Sunday, 5 September 2010

A to Z: N is for Nomad: Girl Without A World

Everyone has characters that immediately click with them that, no matter the stories they've been in, just fit so firmly within their hearts that they'll never budge. They're YOUR characters, that you're so invested in that you'll follow them anywhere. They're, frankly, your favourite comic book characters.

Mine are pretty clearly known to anyone fool enough to read this blog for a significant amount of time; Jubilee, Chamber, Connor Hawke (okay NONE of you know that one), Moon Knight and most importantly, Rikki Barnes. Rikki Barnes, former Heroes Reborn Bucky and current Nomad, who currently has the good graces to star in one of the best team books coming out from Marvel as well as the rare pleasure of sharing a book with Captain America.

She's. Just. That. Cool.

Her origin lies in Jeph Loeb and Rob Liefeld's alternate universe relaunch of Captain America, where through a very slow burn she got wrapped up in a crazy skinhead plot (in an attempt to dissuade her brother from being in said skinhead group), strapped to a missile (as you do) and rescued by the formerly amnesiac Steve Rogers. From there she got about one issue's worth of decent use before Heroes Reborn went kinda tits up and it all ended in a clumsy, painful way.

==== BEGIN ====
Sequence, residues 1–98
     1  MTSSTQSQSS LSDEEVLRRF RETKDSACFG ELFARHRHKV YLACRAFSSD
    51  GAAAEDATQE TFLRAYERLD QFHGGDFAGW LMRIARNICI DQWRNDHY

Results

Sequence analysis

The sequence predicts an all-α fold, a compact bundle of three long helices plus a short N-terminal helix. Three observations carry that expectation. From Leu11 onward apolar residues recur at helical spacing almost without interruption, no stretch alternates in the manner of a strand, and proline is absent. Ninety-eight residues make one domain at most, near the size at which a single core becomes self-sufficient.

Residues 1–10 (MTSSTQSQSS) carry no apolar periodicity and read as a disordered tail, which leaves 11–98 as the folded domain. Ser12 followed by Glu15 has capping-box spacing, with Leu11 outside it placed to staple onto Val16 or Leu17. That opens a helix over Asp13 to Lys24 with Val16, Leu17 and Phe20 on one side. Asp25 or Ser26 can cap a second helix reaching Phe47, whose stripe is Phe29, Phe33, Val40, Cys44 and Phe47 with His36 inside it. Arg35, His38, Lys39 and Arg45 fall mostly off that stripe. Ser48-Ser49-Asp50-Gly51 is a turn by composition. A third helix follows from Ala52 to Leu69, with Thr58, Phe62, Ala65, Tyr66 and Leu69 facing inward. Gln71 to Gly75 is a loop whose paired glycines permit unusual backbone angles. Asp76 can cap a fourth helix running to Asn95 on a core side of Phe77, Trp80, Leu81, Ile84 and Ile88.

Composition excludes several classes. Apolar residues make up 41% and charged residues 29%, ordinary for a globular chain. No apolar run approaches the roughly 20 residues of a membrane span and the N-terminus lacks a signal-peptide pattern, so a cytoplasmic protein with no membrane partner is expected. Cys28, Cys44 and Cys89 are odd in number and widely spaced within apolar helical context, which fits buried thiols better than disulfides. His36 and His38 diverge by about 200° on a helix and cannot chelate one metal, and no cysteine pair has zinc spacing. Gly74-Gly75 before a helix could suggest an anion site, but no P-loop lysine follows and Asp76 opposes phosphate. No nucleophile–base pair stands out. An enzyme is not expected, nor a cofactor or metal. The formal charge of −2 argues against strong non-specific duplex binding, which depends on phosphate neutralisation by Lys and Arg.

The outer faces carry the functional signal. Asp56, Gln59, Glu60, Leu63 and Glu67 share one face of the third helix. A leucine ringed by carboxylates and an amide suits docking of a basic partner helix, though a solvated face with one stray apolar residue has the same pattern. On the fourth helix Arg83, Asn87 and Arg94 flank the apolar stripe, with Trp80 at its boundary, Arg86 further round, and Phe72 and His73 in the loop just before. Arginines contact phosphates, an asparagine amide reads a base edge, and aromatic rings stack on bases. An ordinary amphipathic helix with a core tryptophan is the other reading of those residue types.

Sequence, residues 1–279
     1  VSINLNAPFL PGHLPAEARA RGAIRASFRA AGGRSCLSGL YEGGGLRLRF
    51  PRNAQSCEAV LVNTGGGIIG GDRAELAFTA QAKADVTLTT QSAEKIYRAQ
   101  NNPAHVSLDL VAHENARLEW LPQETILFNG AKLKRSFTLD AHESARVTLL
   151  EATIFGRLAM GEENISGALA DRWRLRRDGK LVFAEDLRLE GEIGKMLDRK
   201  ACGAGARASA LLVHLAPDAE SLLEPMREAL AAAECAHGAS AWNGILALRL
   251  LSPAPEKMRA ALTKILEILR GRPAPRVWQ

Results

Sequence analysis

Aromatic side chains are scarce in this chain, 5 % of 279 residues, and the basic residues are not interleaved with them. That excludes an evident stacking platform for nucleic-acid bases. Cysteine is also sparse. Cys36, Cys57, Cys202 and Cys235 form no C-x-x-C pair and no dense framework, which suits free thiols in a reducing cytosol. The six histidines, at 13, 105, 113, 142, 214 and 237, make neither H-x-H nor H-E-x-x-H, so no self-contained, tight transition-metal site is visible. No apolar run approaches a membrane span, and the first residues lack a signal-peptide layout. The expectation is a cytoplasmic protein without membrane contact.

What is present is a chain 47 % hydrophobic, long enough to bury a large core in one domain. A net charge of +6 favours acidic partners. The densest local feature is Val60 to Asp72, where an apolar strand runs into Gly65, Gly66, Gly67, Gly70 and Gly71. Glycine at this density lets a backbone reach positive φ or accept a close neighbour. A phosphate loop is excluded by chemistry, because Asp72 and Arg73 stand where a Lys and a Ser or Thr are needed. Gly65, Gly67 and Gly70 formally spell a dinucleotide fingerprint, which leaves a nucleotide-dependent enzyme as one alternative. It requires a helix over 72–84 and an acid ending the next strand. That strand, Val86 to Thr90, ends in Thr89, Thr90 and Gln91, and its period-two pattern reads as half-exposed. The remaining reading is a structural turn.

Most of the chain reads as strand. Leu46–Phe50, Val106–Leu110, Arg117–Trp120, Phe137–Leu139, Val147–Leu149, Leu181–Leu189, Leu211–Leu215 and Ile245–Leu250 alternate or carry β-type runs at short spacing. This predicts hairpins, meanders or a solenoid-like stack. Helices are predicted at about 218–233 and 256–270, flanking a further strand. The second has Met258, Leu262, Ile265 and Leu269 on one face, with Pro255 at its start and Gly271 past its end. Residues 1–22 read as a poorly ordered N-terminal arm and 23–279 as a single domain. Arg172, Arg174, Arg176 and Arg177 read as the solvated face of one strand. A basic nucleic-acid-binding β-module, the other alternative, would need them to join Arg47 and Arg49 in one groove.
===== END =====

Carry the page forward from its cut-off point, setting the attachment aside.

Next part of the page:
Now, I'm not exactly a hater of Rob Liefeld (at least not anymore). I mean I LOVE Youngblood and his New Mutants/X-Force stuff is the tits. But Captain America easily had his worst art, and nothing from it should really be seen by anyone. But within that mess was Rikki, a shining element of a young girl trying to be worthy of her rescuer, the gargantuan figure of good that is Captain America. It was a spark too good to be left alone and years and years later, it came back with a vengeance.